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P. Bayley, L. Akileswaran, W.R. Taylor, C.W. Morgans; Differential Effect on Rod and Cone Ribbon Synapses of the Cav1.4 Calcium Channel Mutation in the Nob2 Mouse . Invest. Ophthalmol. Vis. Sci. 2006;47(13):2851.
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© ARVO (1962-2015); The Authors (2016-present)
The retinal disease Incomplete Congenital Stationary Night Blindness (CSNB2) is characterized by a reduction in neurotransmission between photoreceptors and bipolar cells. The gene responsible for CSNB2 is CACNA1F, which encodes the L–type calcium channel, Cav1.4. In the mammalian retina, Cav1.4 is found at rod and cone ribbon synapses. Here we investigate ribbon synapse structure and function in the nob2 mouse, which contains a naturally occurring null mutation in the cacna1f gene.
Retinal sections were labeled by immunofluorescence according to standard procedures (Berntson and Morgans, 2003) and imaged using a Zeiss LSM510 confocal microscope. For ultrastructural analysis, retinas were prepared for transmission electron microscopy using standard procedures (Bramblett et al., 2004), and viewed on a FEI Tecnai 12 microscope. Light–evoked currents were recorded from bipolar cells in the mouse retinal slice preparation (Berntson and Taylor, 2003).
Rod terminals are much more severely affected than cone terminals in the nob2 retina. In addition to the absence of Cav1.4 immunostaining, the majority of ribbon synapse–associated markers are severely reduced or missing from the nob2 outer plexiform layer. Rod synapses are reduced in number, and are frequently seen in ectopic locations in the nob2 outer nuclear layer. Ultrastructural analysis of nob2 rod terminals reveals a dramatic reduction in synaptic ribbon number and an abnormal morphology of the remaining ribbons. Furthermore, invasion of the rod spherule by postsynaptic rod bipolar cell and horizontal cell processes is greatly reduced in nob2, leading to the loss of the characteristic invaginating synapse morphology. In contrast, the anatomy of cone ribbon synapses appears largely intact. Electrophysiological recordings from the nob2 retina reveal that light responses are undetectable in rod bipolar cells, but that light responses can be recorded in cone bipolar cells, indicating that neurotransmission still occurs at the nob2 cone pedicle. The relative preservation of cone function and morphology may be attributable to the expression of additional L–type calcium channels, for example Cav1.3, by cone photoreceptors.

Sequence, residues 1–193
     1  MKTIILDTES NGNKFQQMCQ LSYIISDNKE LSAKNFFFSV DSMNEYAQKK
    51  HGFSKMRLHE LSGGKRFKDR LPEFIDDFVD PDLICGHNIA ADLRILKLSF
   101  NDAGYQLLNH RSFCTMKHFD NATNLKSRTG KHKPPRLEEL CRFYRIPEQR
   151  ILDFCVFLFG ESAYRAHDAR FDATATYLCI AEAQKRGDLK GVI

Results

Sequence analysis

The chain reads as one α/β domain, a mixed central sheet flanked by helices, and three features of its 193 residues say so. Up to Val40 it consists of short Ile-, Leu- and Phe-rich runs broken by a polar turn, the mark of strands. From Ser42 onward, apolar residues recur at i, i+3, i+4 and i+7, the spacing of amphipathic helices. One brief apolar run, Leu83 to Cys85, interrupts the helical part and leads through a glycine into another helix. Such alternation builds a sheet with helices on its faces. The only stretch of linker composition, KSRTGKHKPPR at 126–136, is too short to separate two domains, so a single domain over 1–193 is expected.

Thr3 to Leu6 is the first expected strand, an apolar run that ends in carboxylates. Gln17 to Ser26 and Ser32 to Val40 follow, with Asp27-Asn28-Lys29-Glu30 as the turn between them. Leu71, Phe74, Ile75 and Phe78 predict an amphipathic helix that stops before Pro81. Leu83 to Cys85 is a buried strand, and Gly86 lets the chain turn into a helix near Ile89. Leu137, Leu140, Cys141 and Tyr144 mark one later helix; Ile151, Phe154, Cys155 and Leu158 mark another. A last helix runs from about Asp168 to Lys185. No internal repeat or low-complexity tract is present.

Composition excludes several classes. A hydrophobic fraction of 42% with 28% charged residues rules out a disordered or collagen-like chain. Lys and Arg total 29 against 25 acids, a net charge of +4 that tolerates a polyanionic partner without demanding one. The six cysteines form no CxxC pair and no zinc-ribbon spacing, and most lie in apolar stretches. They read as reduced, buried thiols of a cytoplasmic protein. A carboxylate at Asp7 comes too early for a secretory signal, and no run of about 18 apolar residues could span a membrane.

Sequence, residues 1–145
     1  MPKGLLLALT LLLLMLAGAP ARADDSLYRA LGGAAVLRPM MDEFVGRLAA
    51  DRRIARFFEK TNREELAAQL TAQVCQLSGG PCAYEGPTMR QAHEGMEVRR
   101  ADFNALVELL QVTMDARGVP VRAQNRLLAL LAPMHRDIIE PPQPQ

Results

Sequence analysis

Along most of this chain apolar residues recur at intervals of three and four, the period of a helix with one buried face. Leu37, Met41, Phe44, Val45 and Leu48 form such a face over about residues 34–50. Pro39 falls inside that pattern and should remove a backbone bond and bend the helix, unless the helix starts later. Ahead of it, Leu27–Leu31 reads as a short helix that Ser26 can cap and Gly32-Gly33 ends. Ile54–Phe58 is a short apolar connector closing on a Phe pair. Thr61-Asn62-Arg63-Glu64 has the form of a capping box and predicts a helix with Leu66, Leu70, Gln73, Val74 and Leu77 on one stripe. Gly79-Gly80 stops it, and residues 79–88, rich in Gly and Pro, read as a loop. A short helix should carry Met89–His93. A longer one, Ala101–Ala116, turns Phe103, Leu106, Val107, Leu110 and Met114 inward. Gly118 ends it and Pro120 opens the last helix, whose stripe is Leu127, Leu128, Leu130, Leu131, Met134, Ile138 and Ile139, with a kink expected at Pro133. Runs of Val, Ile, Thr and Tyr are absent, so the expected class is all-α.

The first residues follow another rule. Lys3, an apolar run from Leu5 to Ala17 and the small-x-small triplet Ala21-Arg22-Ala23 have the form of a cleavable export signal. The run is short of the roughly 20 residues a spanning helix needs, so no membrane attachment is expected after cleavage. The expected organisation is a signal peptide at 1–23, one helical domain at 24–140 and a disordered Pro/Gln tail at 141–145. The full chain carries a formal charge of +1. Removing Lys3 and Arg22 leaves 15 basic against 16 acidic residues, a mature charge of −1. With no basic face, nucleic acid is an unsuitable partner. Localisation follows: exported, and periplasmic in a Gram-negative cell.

The anatomical characterization of the nob2 retina provides evidence that the Cav1.4 calcium channel is required for the proper ultrastructure and functioning of the rod ribbon synapse. Study of this mouse will provide insight into the visual defects associated with CSNB2, as well as into the normal development and function of the rod ribbon synapse.
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